“She is trying to make the only decisions she can make — she’s trying to make choices for herself that aren’t prescribed for her,” she said. “And while it felt absolutely contemporary to me that a woman’s choices can be conscribed like that, it felt particular to the period, how limited her choices were and how difficult it would be to have an identity separate from the archetypes of mother and wife.”
Using skills she’d learned in part from her parents, Kazan worked on Dano’s original script. “He had done a lot of heavy lifting, pulling what was juicy from the book and starting to translate it into cinematic image rather than prose,” she said. “But he hadn’t done that structurally — he hadn’t thought about how the book is structured in a way that might not be conducive to dramatic structure. But I was raised by two screenwriters. My parents would pause a movie we were watching and say, ‘This is the beginning of the second act.’
“So I took Paul’s draft and I literally cut it up with scissors, put it all over our living room floor and started moving things around, trying to figure it out.”
The script attracted Kazan’s old friend Carey Mulligan, with whom she’d appeared onstage in “The Seagull” a decade earlier, as well as Jake Gyllenhaal as the father and newcomer Ed Oxenbould as Joe. But it was never an option for Kazan or Dano to also act in “Wildlife”: “Making the movie was hard enough,” she said. “I think if we had taken on one more thing, it would have broken us.”
Besides, she had the Coen brothers and “Buster Scruggs” waiting in the wings. The film consists of six different Western tales; Kazan stars in the longest of them, playing Alice Longabaugh, a timid young woman who is traveling west in a wagon train to Oregon with her brother, who has big plans for his business that also involve marrying off Alice to an associate who may or may not be interested.
Like the entire film, the episode — which is titled “The Gal Who Got Rattled” — is consumed with issues of mortality and with a grim humor characteristic of the directors.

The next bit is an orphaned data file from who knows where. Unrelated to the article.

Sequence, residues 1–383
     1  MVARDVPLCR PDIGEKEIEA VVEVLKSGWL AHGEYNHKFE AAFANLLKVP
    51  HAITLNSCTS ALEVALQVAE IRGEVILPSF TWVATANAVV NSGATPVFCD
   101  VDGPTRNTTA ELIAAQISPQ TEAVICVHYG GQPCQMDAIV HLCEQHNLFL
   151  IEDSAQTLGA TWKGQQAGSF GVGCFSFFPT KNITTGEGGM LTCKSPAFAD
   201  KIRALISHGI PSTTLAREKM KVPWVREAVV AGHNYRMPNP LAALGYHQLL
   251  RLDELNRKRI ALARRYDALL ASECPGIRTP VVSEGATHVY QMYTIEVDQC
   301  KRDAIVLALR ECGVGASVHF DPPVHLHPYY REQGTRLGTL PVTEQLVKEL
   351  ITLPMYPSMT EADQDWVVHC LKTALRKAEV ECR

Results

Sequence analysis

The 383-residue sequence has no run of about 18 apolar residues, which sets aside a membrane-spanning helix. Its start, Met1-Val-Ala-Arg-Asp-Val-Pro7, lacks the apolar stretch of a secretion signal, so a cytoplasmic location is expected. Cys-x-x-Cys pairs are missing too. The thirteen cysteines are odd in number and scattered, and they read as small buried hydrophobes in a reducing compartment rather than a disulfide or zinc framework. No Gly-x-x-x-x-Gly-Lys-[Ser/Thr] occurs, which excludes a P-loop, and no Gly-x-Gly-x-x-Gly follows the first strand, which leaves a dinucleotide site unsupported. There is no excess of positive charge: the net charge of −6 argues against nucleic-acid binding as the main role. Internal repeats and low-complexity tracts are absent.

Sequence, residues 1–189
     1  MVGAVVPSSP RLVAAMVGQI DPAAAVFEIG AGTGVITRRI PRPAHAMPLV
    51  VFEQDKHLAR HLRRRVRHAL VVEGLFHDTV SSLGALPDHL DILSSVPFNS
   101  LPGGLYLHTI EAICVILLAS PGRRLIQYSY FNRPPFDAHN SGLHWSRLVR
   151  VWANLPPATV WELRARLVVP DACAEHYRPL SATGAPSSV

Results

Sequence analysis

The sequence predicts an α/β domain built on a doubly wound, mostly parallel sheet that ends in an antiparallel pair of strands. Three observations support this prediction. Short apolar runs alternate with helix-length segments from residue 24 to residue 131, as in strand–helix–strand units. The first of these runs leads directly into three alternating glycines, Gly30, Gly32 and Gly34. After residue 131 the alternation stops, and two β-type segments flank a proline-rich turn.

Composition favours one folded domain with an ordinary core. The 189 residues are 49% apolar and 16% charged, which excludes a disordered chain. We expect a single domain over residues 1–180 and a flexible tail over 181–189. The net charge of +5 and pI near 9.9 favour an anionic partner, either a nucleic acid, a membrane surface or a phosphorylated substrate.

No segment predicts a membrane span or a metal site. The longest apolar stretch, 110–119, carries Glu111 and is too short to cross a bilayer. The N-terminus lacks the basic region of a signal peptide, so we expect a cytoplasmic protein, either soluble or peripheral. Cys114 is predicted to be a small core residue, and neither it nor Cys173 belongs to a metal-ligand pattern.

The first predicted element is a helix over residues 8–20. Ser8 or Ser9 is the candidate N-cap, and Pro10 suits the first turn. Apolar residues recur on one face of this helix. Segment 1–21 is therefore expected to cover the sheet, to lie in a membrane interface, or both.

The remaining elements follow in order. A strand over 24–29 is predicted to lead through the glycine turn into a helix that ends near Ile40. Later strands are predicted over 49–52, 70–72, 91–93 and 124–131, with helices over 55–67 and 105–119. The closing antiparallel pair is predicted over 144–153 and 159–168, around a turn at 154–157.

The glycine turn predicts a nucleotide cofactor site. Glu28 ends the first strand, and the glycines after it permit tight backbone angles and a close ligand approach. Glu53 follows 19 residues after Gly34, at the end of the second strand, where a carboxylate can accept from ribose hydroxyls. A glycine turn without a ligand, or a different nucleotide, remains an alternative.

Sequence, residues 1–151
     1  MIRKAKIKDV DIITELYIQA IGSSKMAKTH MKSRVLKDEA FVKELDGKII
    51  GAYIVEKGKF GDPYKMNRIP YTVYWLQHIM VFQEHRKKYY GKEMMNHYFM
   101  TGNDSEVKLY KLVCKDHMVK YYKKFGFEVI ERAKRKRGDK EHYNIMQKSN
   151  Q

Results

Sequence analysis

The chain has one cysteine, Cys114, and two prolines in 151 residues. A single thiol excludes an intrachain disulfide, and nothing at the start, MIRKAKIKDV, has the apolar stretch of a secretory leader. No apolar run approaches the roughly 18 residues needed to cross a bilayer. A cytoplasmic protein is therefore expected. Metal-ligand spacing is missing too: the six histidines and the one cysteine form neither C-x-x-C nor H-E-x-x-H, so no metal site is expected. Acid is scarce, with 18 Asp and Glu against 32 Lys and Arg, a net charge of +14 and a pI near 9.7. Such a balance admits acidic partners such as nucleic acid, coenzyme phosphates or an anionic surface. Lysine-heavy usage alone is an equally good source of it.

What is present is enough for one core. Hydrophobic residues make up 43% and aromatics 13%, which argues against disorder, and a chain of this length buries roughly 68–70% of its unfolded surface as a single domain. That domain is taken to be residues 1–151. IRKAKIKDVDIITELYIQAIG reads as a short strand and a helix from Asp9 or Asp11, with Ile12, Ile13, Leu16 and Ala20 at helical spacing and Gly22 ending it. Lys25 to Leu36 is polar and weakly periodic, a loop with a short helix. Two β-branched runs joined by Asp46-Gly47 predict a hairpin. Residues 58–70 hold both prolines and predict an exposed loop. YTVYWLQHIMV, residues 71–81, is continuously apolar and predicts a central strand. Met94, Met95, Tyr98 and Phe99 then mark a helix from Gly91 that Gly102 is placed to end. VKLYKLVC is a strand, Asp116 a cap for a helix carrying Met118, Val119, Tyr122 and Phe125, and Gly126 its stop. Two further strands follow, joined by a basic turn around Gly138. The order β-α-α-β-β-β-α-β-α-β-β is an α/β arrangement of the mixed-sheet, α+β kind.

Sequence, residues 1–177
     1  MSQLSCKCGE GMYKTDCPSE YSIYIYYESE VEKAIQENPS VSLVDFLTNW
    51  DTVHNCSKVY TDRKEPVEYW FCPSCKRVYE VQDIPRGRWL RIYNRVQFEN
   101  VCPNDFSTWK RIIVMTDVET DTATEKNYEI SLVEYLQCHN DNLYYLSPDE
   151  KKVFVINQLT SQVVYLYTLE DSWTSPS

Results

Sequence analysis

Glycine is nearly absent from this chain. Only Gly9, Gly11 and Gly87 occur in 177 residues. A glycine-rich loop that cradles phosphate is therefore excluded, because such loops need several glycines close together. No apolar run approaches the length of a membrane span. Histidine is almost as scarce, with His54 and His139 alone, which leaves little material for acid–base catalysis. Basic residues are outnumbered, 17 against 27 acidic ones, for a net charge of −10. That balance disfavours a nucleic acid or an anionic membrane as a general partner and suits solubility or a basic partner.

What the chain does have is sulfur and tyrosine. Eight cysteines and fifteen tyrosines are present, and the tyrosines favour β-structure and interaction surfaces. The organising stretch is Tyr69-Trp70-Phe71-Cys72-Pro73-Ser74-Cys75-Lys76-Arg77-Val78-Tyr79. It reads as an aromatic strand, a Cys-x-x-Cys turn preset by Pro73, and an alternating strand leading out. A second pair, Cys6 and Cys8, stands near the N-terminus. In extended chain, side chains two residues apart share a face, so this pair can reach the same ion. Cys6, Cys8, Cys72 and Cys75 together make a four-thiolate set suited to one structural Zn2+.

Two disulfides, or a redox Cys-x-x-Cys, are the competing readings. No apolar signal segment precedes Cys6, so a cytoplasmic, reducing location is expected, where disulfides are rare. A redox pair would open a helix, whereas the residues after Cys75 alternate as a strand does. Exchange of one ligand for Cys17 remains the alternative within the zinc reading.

“They’re it for me,” said Kazan of the Coens. “I felt, ‘This is a once-in-a-lifetime chance, so why not be a total nerd about it?’ So I rewatched all of their films, and I saw the connections to all of these other films. I think it’s really speaking to ‘Barton Fink’ and ‘A Serious Man’ in particular. It’s that knife’s edge, that sense of death on one side and life on the other, humor on one side and tragedy on the other.”
Kazan’s partner for many of her scenes is Bill Heck, who plays one of the leaders of the wagon train — a bit of casting that brought her great comfort. “We did ‘Angels in America’ together Off Broadway eight years ago,” she said. “When I walked in for my callback on ‘Buster Scruggs,’ I was a mess. I knew that I was doing a chemistry read with someone, but I didn’t know who, and I was so scared. But when I saw his back in the lobby, I felt this wave of relief.
“With Bill, I had a real partner. I could call him at 6 a.m. in Nebraska when we were filming and say, ‘Can we get donuts and drive around and run lines for four hours before we go to work today?”
Kazan now has a role coming up in Lone Scherfig’s “The Kindness of Strangers”, as well as two scripts that she can’t talk about yet except to say that one is for Dano to direct. “Hopefully, one of those things will come to fruition,” she said. “And then I’m also home with the baby.” She smiled. “That part feels different.”
To read more of TheWrap’s Actors/Directors/Screenwriters issue, click here.